It is National Eating Disorders Awareness week.
According to the National Eating Disorders Association, “among U.S. females in their teens and 20s, the prevalence of clinical and sub-clinical anorexia may be as high as 15%.” What’s more, “[a]norexia nervosa ranks as the 3rd most common chronic illness among adolescent U.S. females.” The most common eating disorders include anorexia nervosa, bulimia nervosa, and binge-eating disorder. Eating disorders aren’t always obvious. You can learn more about the warning signs and symptoms of eating disorders here. You can also learn more about the types of eating disorders and the treatment by reading this: “Eating Disorders: About More Than Food,” a National Institute of Mental Health publication.
People don’t often think about eating disorders when they think about special education, but eating disorders can have a significant impact on education. Eating disorders can impact cognitive functioning. Children with eating disorders often have co-occurring disabilities, like depression and anxiety. If a child has an eating disorder, it is important to look at the impact on education and, if necessary, put plans in place to address the child’s educational needs.
The National Eating Disorders Association (NEDA) has a very useful toolkit for educators. In it, the NEDA explains that eating disorders may impact cognitive functioning, attention, behavior, and attendance. The NEDA toolkit includes strategies that may help like “alternative assignments for physical education requirements, extended time on assignments/tests, peer tutoring, copies of class notes from missed days, and access to a quiet study location.” These are helpful ideas, but remember that all interventions need to be individually tailored to the student and based on assessment.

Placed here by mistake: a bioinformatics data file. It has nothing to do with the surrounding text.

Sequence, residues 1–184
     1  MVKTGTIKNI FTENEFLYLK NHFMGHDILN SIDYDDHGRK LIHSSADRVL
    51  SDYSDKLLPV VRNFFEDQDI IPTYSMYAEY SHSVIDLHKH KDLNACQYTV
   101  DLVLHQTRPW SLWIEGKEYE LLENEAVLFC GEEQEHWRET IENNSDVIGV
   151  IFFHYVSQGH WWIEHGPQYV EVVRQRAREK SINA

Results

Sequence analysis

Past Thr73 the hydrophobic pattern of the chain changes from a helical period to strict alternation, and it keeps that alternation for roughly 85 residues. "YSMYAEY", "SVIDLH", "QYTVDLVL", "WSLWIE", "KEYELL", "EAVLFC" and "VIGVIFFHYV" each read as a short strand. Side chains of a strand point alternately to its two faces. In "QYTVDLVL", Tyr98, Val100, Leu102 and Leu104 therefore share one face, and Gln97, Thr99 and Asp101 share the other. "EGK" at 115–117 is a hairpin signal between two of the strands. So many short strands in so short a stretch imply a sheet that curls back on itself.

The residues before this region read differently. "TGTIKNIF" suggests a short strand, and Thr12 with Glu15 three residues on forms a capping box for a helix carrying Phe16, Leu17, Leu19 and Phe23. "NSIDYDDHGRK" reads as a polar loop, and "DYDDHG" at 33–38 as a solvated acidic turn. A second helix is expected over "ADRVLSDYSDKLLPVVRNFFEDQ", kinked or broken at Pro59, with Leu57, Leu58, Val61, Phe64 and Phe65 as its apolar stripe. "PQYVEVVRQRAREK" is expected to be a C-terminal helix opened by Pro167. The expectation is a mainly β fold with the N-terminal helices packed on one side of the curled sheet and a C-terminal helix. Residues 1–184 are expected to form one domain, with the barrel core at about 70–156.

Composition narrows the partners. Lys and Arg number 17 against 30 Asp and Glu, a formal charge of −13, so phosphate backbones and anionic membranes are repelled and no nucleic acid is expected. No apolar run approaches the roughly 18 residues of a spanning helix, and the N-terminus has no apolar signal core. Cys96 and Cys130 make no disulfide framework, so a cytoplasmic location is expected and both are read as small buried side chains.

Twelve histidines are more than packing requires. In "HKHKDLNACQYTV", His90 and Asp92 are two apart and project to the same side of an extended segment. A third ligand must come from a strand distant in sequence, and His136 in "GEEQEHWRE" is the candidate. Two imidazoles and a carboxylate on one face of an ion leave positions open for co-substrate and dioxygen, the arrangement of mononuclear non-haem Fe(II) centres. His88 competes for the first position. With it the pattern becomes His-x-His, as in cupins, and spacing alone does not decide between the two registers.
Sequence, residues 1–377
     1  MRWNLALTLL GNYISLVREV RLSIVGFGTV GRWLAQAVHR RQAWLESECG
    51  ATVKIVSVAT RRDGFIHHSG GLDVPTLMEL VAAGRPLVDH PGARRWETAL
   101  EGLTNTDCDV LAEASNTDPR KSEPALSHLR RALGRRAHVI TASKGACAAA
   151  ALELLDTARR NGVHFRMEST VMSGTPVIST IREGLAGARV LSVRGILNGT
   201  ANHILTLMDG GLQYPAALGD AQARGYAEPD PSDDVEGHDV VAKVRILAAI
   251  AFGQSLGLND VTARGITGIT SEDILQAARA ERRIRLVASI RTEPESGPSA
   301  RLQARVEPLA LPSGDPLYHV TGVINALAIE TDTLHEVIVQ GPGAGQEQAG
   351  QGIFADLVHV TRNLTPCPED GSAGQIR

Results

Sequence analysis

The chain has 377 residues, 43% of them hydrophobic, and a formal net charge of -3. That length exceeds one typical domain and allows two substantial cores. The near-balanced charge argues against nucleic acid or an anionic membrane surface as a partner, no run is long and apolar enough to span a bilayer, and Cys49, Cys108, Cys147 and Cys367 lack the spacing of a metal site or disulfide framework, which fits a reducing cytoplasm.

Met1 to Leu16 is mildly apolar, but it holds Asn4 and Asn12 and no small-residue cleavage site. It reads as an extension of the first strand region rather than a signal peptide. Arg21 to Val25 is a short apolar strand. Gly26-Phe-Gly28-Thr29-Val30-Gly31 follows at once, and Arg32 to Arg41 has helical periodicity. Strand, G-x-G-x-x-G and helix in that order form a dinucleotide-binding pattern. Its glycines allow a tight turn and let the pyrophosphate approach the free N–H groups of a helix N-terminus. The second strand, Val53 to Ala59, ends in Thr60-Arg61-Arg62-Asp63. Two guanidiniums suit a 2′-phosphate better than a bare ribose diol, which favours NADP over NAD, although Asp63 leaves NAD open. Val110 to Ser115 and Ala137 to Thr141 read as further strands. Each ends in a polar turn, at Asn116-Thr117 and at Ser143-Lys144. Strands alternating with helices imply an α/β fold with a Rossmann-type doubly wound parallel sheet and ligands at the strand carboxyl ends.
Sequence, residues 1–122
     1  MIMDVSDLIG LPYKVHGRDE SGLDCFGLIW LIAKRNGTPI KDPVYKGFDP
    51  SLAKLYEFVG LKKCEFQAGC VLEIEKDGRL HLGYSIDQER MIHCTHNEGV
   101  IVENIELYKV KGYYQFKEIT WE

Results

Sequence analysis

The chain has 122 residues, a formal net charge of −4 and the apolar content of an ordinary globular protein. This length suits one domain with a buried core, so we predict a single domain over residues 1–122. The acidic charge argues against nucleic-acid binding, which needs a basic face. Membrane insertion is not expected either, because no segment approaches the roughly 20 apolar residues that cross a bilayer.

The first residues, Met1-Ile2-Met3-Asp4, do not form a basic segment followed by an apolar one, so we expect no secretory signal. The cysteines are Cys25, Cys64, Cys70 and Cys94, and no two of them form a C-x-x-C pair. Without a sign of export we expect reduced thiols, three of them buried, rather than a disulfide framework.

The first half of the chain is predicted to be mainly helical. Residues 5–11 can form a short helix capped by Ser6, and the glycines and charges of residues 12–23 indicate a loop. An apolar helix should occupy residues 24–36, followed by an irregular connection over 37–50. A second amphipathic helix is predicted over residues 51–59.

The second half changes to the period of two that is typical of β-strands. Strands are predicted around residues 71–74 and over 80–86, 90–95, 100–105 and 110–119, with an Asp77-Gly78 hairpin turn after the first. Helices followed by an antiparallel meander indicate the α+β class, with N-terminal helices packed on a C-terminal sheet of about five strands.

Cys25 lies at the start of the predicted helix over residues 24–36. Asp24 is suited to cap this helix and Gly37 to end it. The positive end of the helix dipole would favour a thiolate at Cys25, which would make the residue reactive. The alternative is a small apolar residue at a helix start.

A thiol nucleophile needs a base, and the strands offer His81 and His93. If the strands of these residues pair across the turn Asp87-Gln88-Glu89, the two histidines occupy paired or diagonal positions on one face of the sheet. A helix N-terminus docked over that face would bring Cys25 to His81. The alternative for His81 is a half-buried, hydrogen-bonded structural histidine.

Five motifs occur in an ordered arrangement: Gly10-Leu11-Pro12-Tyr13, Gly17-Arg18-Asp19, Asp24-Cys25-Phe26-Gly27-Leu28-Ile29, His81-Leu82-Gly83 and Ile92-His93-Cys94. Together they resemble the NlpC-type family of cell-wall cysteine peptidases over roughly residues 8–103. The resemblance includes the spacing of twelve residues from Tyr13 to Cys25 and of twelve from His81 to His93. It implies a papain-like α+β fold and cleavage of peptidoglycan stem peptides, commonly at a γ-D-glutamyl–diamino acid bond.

If your child has an eating disorder, she or he may need a 504 plan or special education services. Whether your child qualifies for special education depends not upon your child’s diagnosis, but upon whether he or she has a disability that adversely affects educational performance and requires specialized instruction. Obtaining special education is a process that starts with a referral and a request for evaluation. Reasons for referral include: poor attendance, repeated suspensions, unsatisfactory behavior, unsatisfactory progress in school, and difficulties with/withdrawal from social engagement. Parents can make a referral by writing to a school administrator and requesting that their child be evaluated to determine if he or she needs special education services. For more information on the process for getting your child identified, check How Do I Get My Child Identified to Receive Special Education Services? and Can Kids with Anxiety and Depression Receive Special Education Services?